There were 30 patients who had TOT-MUS removal between 2014 and 2018. The Clavien-Dindo classification and Female National Institutes of Health-Chronic Prostatitis Symptom Index (NIH-CPSI) were used accordingly. In December 2018, questionnaires including the International Consultation on Incontinence Questionnaire Urinary Incontinence Short Form (ICIQ-UI SF), the Urogenital Distress Inventory (UDI-6), the Pelvic Floor Impact Questionnaire (PFIQ-7), two questions from the Pelvic Organ Prolapse Incontinence Sexual Questionnaire (PISQ), the Patient Global Impression of Improvement (PGI-I) and three free text questions were sent. Ethics approval had been obtained for this study to continue until five years of post-sling removal with a goal of 50 patients.
Problems following the index surgery included voiding dysfunction, early mesh exposure and urinary retention with prolonged catheterization at 37%, 27%, and 23% respectively. Fort-seven percent of patients had up to three previous sling interventions. Median time insertion relative to removal was 60 months. Nineteen patients underwent 3D US pre-removal with 12 abnormal studies. The mean length of the sling removed was 16.3 cm. No Clavien-Dindo grade 3 or 4 complications were recorded. At six weeks, pain and quality of life scores improved from 6.7 to 1.95 and 5.6 to 2 respectively (Female NIH-CPSI). Eighty-seven percent of patients filled in the questionnaires with a mean follow-up of 16 months (Table 1). Two-thirds of patients were not sexually active with pain or bowel/bladder incontinence rated highly as impacting on this. One-third were sexually active with a mean rating of 2.55/5 for a frequency of pain during intercourse (five indicating a good rating). In free text questions, 70% of patients reported pain of some type or severity. The majority of patients expressed the sentiment that they were satisfied to have had the mesh removed.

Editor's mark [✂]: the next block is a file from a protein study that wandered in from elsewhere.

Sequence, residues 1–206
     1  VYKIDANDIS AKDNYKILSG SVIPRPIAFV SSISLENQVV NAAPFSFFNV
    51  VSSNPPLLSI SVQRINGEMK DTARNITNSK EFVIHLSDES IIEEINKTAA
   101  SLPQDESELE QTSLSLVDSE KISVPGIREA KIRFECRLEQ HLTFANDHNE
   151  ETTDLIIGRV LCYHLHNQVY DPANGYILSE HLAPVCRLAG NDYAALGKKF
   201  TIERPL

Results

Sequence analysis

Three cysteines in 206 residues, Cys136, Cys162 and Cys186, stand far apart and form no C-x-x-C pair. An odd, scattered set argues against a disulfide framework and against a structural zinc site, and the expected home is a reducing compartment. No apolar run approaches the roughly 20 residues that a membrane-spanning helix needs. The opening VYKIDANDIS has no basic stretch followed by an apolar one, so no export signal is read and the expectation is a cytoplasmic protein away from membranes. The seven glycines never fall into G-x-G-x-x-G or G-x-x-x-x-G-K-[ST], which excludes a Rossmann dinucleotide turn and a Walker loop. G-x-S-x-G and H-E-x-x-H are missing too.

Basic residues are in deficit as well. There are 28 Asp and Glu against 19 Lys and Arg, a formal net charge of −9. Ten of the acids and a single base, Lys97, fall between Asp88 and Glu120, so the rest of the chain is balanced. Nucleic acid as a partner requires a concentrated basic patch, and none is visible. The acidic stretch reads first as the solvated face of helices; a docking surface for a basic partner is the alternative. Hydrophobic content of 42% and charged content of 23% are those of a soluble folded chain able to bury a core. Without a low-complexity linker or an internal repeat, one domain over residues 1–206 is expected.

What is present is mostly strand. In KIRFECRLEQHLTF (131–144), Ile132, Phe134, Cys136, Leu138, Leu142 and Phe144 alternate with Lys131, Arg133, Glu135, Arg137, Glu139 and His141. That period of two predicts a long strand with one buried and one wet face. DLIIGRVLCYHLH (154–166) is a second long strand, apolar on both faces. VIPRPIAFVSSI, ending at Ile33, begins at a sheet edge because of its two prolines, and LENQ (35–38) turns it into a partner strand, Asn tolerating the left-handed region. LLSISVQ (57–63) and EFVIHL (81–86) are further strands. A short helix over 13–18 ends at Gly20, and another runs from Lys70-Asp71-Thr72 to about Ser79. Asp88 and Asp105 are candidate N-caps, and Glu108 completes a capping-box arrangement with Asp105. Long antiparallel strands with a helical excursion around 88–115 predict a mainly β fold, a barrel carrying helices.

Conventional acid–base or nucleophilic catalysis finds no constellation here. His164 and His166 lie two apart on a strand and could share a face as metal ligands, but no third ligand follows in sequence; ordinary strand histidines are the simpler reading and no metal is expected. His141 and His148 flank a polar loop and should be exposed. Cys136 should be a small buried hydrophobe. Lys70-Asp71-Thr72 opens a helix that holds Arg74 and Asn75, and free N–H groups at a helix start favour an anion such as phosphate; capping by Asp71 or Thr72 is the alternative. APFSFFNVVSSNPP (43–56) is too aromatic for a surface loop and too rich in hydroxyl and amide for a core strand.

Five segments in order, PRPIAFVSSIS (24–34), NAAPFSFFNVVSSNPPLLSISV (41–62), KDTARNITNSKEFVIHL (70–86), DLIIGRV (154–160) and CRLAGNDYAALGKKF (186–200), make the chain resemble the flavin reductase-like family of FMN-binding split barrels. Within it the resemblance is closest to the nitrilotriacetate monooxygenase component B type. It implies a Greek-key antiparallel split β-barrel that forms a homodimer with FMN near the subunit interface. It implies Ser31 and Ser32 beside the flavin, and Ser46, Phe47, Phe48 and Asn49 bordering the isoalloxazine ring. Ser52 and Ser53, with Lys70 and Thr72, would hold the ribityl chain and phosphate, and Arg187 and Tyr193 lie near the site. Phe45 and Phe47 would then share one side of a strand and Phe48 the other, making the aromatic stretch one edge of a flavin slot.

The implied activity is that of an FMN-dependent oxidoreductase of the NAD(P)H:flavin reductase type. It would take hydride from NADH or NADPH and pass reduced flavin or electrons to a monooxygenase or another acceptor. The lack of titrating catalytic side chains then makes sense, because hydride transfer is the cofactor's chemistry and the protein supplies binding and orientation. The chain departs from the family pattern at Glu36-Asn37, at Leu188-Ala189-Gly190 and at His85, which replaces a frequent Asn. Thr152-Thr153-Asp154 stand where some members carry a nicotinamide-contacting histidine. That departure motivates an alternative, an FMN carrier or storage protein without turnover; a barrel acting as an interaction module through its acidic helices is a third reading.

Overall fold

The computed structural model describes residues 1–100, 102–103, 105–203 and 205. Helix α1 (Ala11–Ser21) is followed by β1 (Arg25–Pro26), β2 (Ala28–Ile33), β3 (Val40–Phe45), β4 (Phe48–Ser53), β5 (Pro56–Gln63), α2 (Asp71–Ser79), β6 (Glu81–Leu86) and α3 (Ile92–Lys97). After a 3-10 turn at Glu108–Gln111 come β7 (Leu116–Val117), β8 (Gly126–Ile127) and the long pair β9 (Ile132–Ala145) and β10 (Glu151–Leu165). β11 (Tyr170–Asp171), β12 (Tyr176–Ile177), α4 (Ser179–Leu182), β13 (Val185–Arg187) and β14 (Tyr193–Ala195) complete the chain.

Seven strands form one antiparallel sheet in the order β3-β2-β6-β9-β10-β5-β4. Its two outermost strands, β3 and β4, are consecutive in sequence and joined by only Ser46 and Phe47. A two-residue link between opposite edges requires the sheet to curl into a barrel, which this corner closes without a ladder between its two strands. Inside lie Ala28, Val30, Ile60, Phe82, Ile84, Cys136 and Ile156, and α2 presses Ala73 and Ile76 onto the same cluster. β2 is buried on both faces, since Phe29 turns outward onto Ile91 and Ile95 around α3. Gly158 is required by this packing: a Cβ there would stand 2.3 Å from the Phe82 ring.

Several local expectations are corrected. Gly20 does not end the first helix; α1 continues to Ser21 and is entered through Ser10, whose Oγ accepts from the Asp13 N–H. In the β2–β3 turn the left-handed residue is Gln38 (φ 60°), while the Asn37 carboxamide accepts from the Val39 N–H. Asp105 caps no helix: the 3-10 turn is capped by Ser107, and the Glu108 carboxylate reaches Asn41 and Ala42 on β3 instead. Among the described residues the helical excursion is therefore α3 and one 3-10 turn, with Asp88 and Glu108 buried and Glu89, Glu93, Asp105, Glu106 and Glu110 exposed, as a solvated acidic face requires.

The authors concluded in this review that complete TOT-MUS removal can be performed safely. However medium-term follow-up shows significant urinary morbidity and ongoing pain precluding and during sexual intercourse.
Presented by: Eva Fong, MD and Sum Sum Lo, MD, Urology Department, Waitematā District Health Board, Auckland, New Zealand; Andrew Graydon, MD, Pediatric Orthopaedic Department, Starship Children’s Hospital, Auckland, New Zealand
Written by: Bilal Farhan, MD, Assistant Professor, Division of Urology, University of Texas, Medical Branch, Texas; Twitter: @BilalfarhanMD, at the Society of Urodynamics, Female Pelvic Medicine & Urogenital Reconstruction Winter Meeting, SUFU 2020, February 25 - 29, 2020, Scottsdale, AZ